PERTH is in the midst of its longest property downturn in 30 years, with prices having fallen 20.2 per cent since their peak in 2014 and home building numbers down significantly.
There was talk of greenshoots and a tentative recovery last year, but the credit crunch put that on hold.
Interest rates are now at record lows, housing is affordable, financing conditions are easing and a number of measures have been put in place to help stimulate the market including changes to Keystart, yet while national experts think the east coast market has found a floor, Perth continues to fall, down another 0.5 per cent in July according to CoreLogic data.
Community News asked some of Perth’s property experts what they thought was needed to turn the market around.
Residential real estate
Reiwa president Damian Collins
Population growth – put Perth back on the Regional Migration Scheme
Population is a huge factor in driving growth for WA’s economy and property market.
The State and Federal Governments have control of key levers of economic growth that directly link to the health and sustainability of local property markets. The main lever is population growth.
There is no doubt that the recent housing boom on the east coast was linked to their increasing population, placing a high demand on property prices.
According to the ABS, we were the only state to record a negative net migration figure in 2016-17. Of the 13,384 people who came to WA in 2016-17, we lost 550 more to other states.
We must encourage more people to come to WA and ensure those that live here are here to stay.
An increase in migrants would create jobs, improve our local housing market and make the economy stronger.
This is why Reiwa will continue to advocate for Perth to be put back on the Regional Migration Scheme to ensure we have the population to support a strong property market and wider economy.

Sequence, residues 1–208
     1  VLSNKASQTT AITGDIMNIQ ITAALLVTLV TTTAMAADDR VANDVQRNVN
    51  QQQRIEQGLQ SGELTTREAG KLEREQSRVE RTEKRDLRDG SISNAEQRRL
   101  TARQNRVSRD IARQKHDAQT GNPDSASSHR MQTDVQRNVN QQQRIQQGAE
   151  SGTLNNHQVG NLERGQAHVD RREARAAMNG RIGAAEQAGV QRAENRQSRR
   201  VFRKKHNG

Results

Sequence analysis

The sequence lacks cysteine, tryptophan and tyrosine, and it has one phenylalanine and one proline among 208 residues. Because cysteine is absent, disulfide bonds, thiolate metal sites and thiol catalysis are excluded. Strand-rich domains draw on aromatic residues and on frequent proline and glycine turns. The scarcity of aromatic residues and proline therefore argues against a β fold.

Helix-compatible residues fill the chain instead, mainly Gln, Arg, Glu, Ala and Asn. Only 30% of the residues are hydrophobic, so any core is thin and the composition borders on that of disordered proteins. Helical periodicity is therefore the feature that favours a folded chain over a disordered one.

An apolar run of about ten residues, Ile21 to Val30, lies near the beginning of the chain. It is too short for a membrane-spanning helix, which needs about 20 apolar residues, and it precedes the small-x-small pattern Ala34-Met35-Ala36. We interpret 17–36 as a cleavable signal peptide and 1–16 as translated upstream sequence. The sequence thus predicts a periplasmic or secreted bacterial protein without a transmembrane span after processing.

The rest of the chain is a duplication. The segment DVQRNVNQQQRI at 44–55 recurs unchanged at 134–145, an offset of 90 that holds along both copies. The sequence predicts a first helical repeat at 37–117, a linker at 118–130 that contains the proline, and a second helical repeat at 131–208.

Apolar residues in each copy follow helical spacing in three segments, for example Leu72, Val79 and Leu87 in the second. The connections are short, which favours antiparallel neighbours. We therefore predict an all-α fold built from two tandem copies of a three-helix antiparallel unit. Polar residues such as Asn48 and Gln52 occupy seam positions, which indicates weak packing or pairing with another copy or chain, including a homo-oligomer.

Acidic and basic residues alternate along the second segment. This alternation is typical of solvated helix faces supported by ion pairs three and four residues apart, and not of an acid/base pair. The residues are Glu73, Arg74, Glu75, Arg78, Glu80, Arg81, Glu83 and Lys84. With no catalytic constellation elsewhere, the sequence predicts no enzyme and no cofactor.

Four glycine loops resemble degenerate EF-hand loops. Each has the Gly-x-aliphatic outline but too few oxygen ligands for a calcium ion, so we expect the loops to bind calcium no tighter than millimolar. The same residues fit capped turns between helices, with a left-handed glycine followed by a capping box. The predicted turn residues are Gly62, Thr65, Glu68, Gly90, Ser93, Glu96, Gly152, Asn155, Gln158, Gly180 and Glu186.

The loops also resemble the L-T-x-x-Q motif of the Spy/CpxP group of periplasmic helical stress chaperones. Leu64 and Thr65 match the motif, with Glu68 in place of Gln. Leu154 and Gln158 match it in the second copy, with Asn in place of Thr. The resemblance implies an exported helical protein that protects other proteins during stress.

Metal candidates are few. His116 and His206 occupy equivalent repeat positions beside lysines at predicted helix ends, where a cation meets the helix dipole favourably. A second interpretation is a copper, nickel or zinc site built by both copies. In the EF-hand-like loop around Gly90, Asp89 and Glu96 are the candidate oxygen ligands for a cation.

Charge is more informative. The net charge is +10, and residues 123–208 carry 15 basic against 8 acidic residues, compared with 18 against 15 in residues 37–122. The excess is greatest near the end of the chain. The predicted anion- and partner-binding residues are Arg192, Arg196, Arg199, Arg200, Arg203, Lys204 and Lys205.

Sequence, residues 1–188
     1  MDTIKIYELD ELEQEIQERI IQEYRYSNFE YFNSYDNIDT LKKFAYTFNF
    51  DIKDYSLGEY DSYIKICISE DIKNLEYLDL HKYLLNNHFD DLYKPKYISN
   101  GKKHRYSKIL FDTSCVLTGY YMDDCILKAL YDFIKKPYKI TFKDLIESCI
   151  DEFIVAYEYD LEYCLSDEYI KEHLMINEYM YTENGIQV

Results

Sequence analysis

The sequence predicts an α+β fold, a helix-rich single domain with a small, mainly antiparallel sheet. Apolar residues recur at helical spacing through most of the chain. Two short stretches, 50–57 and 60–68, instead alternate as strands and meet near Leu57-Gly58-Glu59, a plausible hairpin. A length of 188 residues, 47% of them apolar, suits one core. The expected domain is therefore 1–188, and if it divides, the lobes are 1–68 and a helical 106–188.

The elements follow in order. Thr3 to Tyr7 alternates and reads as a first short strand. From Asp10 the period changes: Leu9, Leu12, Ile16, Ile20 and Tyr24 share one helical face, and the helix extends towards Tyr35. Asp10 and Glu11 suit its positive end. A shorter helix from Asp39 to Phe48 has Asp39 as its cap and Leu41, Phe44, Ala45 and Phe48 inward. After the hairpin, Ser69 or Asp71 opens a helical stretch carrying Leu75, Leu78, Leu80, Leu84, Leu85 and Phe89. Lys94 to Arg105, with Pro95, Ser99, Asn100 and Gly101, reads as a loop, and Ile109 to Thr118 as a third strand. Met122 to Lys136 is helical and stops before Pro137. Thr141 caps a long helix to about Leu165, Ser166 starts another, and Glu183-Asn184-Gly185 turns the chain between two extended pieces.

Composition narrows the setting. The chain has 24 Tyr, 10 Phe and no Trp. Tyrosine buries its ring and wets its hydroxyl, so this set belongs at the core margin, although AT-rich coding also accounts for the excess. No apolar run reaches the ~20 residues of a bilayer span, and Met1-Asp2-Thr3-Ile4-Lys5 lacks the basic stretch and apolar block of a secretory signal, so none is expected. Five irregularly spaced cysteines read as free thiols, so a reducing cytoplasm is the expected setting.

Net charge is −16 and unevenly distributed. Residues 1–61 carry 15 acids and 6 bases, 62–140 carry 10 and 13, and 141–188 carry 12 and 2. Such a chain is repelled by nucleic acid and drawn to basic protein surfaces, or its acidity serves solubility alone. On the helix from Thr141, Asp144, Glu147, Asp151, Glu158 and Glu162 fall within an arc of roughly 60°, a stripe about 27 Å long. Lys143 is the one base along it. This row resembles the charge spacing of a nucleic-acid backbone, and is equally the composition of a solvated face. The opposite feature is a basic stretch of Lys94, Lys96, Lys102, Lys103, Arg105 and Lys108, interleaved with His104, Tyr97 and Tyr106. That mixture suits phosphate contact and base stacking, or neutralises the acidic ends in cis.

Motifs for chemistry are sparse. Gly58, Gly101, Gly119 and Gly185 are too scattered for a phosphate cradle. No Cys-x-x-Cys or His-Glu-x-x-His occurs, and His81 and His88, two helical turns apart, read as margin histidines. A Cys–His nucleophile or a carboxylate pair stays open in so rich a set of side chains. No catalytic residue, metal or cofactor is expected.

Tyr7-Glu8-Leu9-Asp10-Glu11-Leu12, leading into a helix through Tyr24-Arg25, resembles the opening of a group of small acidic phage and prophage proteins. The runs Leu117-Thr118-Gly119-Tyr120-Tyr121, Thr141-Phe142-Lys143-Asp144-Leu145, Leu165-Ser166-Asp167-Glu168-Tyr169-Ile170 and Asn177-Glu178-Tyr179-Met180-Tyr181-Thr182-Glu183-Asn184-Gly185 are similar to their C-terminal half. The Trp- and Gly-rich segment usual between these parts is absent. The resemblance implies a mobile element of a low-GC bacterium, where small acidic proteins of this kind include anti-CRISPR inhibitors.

Reintroduction of the FHOG for established homes
As is currently stands, the WA First Home Owner Grant unfairly penalises buyers wanting to purchase established properties by only providing assistance to those who choose to build.
Initially, this had the effect of skewing first-home buyer preferences towards new builds, but reiwa.com analysis shows that more first-home buyers are choosing to buy established properties rather than build new, and the FHOG is deterring a lot of first home buyers from entering the market at all, if they can’t use the grant for established homes.
Increasing the demand for established housing will have a knock-on effect to other areas of the market.
This would allow more WA households to right-size into accommodation that suits their changing needs, resulting in more transfer duty revenue for the state as well as enabling more West Australians to make the dream of home ownership a reality.
Stamp duty relief for downsizers
A key issue that would assist with the improvement of the WA housing market is the need for diversity in our housing stock.
We know the current stock of housing does not meet the needs of society now, let alone in the future.
Over 70 per cent of listings for sale are for dwellings with three or more bedrooms – this is not ideal.